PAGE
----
Born 9 August 1858 in Boston, United States of America, Francis William MacLean was taken to Scotland at an early age and educated there. He studied engineering at Edinburgh University. MacLean’s practical training and early experience was with North British Railways.
He came to New Zealand in 1884 and was appointed the New Zealand Railways Department’s Assistant Engineer in Auckland. He progressed through the department’s ranks until he reached the position of Chief Engineer in 1916. MacLean remained in that position until he retired in 1924, after which he spent some years in consulting practice in Wellington.
The period of his service with the New Zealand Railways coincided with an era of rapid expansion, and his ability, coupled with an uncompromising devotion to duty and principle, was an undoubted asset in the development of the country's railway system.
He was a foundation member of the New Zealand Society of Civil Engineers (now the Institution of Professional Engineers New Zealand (IPENZ)), a member of its Council (1916–1935) and President (1921–22). He was also a life member of the Institution of Civil Engineers (Britain). He gave service to New Zealand’s Engineers Registration Board and the Board of Health.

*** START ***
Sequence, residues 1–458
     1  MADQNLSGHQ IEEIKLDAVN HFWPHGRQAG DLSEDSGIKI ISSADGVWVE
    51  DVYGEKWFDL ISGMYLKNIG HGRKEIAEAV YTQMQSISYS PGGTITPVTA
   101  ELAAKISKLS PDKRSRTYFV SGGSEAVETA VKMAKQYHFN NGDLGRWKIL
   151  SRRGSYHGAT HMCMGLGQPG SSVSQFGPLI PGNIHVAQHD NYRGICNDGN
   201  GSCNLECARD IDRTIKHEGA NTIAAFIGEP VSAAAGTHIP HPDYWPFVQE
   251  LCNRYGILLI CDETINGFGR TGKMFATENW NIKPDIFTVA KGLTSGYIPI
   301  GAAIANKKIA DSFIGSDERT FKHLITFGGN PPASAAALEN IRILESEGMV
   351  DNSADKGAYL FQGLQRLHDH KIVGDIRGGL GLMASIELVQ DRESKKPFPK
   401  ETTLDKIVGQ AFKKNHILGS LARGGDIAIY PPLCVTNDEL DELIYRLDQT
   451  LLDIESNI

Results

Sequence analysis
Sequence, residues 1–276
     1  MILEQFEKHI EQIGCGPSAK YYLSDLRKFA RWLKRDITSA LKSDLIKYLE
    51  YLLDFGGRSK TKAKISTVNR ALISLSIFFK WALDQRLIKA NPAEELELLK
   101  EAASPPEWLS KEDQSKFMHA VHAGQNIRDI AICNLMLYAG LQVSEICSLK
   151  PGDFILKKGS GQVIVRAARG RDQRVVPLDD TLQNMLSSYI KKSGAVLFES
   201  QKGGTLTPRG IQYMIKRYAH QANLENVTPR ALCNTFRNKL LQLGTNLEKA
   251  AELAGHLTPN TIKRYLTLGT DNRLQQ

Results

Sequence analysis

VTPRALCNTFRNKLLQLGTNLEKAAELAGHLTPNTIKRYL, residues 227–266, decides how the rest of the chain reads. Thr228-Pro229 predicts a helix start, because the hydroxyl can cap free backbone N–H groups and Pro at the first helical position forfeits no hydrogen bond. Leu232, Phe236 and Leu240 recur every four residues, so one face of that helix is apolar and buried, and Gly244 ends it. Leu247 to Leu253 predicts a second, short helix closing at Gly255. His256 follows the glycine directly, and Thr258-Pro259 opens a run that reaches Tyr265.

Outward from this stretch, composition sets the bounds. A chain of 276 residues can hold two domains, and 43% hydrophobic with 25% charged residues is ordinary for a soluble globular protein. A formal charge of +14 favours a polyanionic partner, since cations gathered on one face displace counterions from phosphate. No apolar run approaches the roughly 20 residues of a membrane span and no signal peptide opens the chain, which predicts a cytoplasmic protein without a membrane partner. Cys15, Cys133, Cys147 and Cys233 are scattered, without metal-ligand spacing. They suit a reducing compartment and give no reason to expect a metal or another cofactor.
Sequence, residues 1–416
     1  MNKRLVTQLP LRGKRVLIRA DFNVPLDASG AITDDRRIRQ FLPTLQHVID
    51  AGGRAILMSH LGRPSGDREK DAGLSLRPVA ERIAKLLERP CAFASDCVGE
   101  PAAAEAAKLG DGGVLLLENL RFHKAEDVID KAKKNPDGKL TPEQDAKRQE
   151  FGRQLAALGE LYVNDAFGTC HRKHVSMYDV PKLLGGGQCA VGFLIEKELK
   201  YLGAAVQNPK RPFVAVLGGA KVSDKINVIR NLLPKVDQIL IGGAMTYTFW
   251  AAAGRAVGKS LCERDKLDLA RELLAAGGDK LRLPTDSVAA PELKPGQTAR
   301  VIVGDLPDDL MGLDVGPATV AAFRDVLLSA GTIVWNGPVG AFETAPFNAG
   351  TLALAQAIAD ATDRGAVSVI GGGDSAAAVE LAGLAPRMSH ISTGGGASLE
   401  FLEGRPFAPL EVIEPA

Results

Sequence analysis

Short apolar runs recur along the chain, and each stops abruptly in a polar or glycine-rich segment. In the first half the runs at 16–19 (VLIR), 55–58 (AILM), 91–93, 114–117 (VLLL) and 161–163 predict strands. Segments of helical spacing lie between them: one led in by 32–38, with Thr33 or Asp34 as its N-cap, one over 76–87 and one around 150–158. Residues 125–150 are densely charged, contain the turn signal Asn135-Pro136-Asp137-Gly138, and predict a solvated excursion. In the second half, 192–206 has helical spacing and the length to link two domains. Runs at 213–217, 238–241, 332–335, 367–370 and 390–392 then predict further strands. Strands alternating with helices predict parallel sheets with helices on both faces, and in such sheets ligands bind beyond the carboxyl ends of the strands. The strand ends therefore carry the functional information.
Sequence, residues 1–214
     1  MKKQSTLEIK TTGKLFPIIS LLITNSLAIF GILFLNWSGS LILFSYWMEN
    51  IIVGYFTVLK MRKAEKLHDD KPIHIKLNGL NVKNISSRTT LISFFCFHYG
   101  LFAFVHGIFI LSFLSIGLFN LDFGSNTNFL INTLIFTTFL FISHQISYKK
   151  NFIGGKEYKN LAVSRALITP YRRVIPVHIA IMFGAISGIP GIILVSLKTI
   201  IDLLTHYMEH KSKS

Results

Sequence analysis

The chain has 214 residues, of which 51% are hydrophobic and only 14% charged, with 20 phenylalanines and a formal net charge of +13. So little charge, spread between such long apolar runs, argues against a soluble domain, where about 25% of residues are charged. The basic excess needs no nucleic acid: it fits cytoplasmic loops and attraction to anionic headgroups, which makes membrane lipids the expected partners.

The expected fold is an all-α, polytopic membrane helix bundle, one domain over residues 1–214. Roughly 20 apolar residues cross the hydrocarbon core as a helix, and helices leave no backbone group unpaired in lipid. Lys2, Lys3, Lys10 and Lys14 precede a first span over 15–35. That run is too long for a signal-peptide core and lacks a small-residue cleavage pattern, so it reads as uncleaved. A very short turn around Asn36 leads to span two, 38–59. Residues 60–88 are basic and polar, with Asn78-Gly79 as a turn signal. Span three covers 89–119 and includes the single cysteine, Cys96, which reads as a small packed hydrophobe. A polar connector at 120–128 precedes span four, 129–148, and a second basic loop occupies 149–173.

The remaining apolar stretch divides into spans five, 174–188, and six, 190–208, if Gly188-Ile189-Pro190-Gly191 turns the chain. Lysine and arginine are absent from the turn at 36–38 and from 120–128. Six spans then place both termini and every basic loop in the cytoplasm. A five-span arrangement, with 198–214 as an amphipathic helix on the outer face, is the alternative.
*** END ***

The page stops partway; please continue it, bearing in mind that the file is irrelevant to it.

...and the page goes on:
MacLean was said to be universally respected by the engineering profession, to which his death on 22 May 1951 was a very real loss.
The MacLean Citation, one of IPENZ’s premier awards, was established in his honour. IPENZ’s Governing Board awards the MacLean Citation on a case-by-case basis to engineers who have made an outstanding contribution to the profession.
William Newnham, Learning Service Achievement (Wellington: New Zealand Institution of Engineers, 1971), p 352.
Frederick Furkert, Early New Zealand Engineers (Wellington: Reed, 1953), p 215.
“Obituary,” New Zealand Engineering (June 1951), p 240.